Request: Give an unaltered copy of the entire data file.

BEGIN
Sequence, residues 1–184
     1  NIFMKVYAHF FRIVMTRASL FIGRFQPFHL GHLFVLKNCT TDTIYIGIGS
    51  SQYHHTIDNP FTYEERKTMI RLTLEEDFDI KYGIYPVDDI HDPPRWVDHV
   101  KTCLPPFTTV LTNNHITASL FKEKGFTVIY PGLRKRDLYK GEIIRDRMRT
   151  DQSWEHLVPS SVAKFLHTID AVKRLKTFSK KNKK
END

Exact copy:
Sequence, residues 1–184
     1  NIFMKVYAHF FRIVMTRASL FIGRFQPFHL GHLFVLKNCT TDTIYIGIGS
    51  SQYHHTIDNP FTYEERKTMI RLTLEEDFDI KYGIYPVDDI HDPPRWVDHV
   101  KTCLPPFTTV LTNNHITASL FKEKGFTVIY PGLRKRDLYK GEIIRDRMRT
   151  DQSWEHLVPS SVAKFLHTID AVKRLKTFSK KNKK